I am very careful what I post online these days with my calling in mind. Once in a while, I regret a posting, like this one. It WAS funny to the majority of my friends, but I don’t want the focus of ministry to be on what causes debates or division.
Meanwhile, I need to get back on my Western Seminary Leadership Development courses. It’s been a busy few weeks.
I think this is a great example of how the media may actually be harming the country. Joe Bastardi a meteorologist for weatherbell.com started warning media of hurricane Harvey 1 week before it hit. But because of the media’s hate and obsession with Trump 24/7, nobody mentioned it until 2 days before it hit. Its things like this is why most have lost all faith and respect for the media. By the way, after it hit, that same media slammed the local government for its response. Any thoughts?
Shortly after President Trump was voted in, many Christian and non-Christian middle to left leaning people went on a rampage. Likewise, many conservative Christians began to act like the left-leaning Democrats they complained about. In all this political soup, I wondered when the church would see we needed to put our desire for others to know Christ above our desire to talk about politics and get into debates?
In this post, my husband was making a point about how powerful our words are and how they can sway people into action. This is why Hitler had a book burning festival. He knew the power of words. He used them himself. History has shown the effects of the power of words. They can influence to peace or violence, racial equality or division, and love or hate. People are swayed by story in video or picture form with few words. Even my high school’s slogan said the pen was more powerful than the sword.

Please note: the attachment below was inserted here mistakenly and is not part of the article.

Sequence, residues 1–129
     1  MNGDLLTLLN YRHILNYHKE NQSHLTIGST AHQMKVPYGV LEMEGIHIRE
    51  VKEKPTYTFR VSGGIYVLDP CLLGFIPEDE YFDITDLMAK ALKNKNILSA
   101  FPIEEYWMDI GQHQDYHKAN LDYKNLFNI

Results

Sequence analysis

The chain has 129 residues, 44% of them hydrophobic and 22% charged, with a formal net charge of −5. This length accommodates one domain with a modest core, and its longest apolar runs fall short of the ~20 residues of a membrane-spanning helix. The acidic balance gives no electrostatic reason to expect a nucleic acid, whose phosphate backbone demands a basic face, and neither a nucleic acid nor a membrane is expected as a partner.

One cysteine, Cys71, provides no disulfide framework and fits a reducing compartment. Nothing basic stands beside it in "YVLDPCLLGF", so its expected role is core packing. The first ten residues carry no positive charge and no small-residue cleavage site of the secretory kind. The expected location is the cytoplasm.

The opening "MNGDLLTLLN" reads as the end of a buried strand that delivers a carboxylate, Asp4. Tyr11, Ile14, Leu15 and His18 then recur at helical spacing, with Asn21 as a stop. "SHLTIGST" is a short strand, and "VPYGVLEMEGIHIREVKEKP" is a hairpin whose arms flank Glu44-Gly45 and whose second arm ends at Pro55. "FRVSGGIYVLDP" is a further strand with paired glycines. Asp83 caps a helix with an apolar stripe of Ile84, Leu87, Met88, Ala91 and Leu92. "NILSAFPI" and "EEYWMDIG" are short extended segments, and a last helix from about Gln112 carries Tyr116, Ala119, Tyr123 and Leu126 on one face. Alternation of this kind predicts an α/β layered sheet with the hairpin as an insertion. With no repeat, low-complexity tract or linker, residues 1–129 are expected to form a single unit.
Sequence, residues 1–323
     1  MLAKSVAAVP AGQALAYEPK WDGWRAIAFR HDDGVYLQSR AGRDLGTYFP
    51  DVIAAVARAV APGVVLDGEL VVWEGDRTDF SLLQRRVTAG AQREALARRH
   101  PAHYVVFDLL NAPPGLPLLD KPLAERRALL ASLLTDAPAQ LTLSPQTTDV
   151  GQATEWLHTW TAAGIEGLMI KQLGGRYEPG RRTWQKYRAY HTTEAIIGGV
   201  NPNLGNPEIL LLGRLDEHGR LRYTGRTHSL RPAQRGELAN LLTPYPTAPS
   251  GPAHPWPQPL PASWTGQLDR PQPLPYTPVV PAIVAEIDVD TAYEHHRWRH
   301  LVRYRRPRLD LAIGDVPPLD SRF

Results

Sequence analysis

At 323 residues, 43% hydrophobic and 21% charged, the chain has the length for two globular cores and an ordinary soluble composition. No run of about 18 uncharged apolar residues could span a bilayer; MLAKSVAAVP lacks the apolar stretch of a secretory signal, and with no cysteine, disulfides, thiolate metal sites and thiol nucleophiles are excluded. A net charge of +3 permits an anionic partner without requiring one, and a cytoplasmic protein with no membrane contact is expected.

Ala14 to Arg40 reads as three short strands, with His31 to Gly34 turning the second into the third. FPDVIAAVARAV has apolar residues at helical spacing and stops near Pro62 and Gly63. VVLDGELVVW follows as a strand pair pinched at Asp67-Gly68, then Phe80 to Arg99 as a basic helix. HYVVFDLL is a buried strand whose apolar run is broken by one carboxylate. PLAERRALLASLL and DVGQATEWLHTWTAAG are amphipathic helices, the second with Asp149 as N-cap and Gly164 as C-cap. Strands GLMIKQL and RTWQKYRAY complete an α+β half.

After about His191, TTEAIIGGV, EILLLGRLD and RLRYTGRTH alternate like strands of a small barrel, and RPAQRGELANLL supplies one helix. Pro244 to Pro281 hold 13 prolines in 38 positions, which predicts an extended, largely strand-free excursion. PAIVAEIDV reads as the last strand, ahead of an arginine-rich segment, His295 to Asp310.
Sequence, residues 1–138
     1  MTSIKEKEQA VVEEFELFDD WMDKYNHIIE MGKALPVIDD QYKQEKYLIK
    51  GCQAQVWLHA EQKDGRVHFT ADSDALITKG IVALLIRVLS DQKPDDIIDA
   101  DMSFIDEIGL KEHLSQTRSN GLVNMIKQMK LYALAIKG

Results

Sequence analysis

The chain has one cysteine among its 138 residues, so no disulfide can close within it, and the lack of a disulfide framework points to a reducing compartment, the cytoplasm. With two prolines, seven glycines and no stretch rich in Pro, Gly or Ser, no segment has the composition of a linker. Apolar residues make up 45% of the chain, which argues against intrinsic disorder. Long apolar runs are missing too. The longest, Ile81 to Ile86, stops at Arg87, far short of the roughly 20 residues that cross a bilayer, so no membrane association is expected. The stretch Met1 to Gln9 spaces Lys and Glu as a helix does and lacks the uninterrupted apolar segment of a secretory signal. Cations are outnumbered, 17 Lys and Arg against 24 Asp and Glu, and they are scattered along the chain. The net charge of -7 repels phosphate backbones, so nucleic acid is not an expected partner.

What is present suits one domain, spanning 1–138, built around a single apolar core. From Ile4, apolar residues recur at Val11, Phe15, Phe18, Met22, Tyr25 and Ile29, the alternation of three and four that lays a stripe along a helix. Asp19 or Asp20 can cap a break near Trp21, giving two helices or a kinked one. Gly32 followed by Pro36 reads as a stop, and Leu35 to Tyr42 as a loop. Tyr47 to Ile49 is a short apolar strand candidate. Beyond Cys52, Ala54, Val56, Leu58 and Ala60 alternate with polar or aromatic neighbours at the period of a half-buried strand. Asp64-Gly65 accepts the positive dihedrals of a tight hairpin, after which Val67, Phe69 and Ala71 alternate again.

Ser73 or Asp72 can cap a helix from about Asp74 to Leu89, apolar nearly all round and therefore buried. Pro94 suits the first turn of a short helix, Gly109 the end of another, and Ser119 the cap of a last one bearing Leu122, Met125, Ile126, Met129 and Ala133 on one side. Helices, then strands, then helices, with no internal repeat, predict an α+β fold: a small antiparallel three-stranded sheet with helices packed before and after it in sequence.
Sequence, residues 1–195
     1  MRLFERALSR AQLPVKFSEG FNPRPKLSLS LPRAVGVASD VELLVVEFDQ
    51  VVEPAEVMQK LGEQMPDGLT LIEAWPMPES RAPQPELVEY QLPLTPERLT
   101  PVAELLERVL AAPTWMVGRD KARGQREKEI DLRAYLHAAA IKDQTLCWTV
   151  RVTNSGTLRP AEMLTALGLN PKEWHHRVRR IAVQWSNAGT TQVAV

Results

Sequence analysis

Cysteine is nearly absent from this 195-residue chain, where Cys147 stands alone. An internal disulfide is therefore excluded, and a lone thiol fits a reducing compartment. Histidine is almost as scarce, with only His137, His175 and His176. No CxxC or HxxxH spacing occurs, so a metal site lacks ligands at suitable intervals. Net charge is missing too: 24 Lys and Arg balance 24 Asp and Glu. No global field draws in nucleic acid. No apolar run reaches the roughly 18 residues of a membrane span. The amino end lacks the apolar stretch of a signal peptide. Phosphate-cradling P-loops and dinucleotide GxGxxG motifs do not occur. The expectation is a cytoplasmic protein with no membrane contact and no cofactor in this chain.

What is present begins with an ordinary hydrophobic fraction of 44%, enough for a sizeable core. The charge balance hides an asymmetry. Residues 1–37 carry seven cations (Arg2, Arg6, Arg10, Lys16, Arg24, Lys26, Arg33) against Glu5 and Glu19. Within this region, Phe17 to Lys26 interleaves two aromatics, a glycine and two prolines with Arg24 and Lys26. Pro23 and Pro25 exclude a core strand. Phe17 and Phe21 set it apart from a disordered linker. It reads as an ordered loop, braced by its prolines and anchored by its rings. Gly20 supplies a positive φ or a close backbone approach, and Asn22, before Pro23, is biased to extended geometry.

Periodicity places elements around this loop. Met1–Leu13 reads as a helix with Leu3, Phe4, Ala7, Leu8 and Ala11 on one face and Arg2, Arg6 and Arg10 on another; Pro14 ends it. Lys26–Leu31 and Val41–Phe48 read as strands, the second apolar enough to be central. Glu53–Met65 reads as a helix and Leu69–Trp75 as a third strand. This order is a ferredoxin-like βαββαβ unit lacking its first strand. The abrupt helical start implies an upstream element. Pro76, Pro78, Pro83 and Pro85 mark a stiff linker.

The church has a challenge: Be a part of the changes in technology or be left behind. Leadership can inspire the use of Social Media and technology by sharing more positive stories about it. They can be examples themselves on how to use Social Media well. They can lead the church congregation to representing Christ online instead of their favorite political candidate. We need to act like a Christian online as well as in the face-to-face world. The two are no longer separate.
I want to inspire the church to become involved in technology and social media. Ask me about it. I’m happy to speak to your church or ministry group on the subject.
V leaned toward me, her phone in the palm of her hand, showing me pictures and videos of her recent church short term missions trip to Guatemala. She shared deeply what God had done in her through the trip and how her team members were right by her side at a crisis moment. It so reminded me of Honduras.
Short term trips do as much for the people of the country as they do for the team. When you go on a short term trip, you return home different. The people leave footprints in your life that never go away. V wanted to keep in touch with some of the leadership and team, and had collected a few email addresses while in Guatemala. At this point, the conversation went from friend-to-friend to a social media class to learn how to use her seldom-used Facebook in a global way.